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Original scientific paper

Mandatum Pecuniae Credendae

Mirela Šarac ; Pravni fakultet Sveučilištau Splitu
Irena Stanić ; Pravni fakultet Univerziteta u Sarajevu

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page 753-788

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Mandatum pecuniae credendae is a specific type of mandate by which the mandatary undertakes to give a credit to the third person, and at the same time the mandator/surety undertakes to the mandatary/creditor to compensate any loss caused by the fulfilment of mandate. It was formulated by the end of the Republican period as a result of developed commerce and financial transactions and with the aim to create a new type of informal suretyship that could also be concluded inter absentes. While jurists from pre-classical times (Servius Sulpicius Rufus) challenged its legal validity, Sabinus’ opposite opinion was accepted in the classical period. The main reasons for its acceptance were approvals of the loan demands as well as the elimination of imperfections of fideiussio. In case of mandatum pecuniae credendae the litis contestatio with the debtor did not consume the action against the mandator for failure to fulfil his obligation. In late classical and post-classical law, an important convergence of the institute of mandatum pecuniae credendae and fideiussio was reached. The process was completed by Justinian who almost assimilated these institutes. According to the laws of Justinian the mandators were generally entitled to claim the beneficium excussionis, as well as the beneficium divisionis and beneficium cedendarum actionum.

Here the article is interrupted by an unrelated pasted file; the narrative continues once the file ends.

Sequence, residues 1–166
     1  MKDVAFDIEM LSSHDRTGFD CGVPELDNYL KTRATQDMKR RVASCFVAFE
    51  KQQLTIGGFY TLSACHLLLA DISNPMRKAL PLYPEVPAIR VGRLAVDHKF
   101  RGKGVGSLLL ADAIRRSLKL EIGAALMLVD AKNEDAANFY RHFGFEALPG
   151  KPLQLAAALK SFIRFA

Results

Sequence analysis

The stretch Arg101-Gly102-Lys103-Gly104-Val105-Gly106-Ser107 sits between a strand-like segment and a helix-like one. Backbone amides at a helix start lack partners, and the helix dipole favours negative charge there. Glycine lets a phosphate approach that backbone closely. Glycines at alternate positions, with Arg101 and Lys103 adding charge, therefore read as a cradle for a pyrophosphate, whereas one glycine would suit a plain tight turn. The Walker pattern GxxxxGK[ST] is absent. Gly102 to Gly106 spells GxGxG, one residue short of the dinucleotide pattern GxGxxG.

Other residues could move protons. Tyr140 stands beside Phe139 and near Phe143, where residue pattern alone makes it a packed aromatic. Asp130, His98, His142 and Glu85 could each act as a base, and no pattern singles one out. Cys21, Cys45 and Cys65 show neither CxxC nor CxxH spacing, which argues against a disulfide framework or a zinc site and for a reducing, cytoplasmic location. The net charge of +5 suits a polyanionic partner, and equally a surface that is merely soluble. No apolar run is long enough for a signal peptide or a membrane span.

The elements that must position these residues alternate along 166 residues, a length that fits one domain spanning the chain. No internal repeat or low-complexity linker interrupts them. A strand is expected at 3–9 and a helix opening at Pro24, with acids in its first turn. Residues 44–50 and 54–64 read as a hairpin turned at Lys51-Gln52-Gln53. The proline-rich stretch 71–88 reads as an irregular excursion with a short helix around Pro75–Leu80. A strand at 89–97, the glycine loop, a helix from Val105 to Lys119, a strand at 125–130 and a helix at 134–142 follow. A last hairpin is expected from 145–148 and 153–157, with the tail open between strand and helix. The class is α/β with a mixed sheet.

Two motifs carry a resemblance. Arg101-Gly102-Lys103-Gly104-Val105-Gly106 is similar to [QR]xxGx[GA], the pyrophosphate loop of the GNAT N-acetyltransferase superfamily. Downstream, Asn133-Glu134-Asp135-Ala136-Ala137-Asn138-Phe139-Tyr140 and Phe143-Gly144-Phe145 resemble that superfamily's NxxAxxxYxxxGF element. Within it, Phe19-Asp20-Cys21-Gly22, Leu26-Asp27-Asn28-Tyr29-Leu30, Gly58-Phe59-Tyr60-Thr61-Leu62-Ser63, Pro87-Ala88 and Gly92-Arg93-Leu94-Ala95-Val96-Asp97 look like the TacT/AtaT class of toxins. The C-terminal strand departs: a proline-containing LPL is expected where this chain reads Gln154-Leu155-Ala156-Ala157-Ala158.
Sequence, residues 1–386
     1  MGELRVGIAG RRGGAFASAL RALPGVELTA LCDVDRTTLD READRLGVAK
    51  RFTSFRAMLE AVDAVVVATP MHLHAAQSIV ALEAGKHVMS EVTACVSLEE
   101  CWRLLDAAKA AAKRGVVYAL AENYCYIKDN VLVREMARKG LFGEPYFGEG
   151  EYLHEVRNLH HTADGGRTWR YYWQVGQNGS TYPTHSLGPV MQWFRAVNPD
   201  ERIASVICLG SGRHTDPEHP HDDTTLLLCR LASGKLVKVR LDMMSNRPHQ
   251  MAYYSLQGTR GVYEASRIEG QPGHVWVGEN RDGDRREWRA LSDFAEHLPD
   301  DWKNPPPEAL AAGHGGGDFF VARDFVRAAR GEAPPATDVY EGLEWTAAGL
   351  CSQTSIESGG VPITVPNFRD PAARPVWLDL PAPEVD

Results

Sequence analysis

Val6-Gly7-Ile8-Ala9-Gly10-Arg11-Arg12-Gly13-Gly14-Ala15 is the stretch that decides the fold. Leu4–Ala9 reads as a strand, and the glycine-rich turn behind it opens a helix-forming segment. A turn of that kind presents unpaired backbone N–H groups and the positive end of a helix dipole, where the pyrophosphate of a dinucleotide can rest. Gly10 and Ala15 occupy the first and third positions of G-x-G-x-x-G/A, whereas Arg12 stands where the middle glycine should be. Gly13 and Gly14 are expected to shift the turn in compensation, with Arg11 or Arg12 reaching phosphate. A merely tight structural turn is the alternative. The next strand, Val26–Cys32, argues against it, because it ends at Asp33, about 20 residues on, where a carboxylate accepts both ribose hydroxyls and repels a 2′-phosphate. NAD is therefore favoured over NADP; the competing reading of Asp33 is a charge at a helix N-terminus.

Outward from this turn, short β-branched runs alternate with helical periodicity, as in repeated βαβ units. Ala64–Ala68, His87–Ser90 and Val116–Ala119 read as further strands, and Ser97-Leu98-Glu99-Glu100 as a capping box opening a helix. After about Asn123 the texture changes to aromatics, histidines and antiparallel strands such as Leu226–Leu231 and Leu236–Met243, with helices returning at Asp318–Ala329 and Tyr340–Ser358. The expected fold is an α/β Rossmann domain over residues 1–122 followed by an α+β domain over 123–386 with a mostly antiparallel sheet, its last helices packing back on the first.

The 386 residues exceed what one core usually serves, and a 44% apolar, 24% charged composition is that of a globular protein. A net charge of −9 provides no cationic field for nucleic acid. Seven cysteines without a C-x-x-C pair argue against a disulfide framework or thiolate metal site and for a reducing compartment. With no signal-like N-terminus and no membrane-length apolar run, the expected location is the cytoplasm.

Roman Law, mandatum pecuniae credendae

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